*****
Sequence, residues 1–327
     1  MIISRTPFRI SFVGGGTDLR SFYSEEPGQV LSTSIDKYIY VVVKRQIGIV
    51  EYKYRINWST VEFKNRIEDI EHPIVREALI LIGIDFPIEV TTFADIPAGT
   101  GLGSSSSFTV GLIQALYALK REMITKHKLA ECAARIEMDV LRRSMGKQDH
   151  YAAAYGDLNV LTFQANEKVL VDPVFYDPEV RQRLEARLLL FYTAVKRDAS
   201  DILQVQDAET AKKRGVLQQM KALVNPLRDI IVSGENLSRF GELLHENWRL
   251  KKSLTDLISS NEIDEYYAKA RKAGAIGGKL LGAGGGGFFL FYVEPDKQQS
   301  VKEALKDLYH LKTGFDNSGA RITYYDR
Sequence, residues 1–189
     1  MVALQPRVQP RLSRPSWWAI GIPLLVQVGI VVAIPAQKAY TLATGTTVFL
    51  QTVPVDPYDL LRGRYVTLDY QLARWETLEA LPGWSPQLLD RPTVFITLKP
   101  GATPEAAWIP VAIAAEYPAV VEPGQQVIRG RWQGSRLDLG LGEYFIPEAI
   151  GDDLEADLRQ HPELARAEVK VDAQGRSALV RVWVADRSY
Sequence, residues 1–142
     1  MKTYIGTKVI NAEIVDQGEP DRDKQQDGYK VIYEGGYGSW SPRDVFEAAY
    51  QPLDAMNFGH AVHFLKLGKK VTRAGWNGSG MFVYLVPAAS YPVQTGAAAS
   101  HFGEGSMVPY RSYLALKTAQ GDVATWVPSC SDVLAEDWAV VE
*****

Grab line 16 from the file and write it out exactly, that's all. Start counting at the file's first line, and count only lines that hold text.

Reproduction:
    51  QPLDAMNFGH AVHFLKLGKK VTRAGWNGSG MFVYLVPAAS YPVQTGAAAS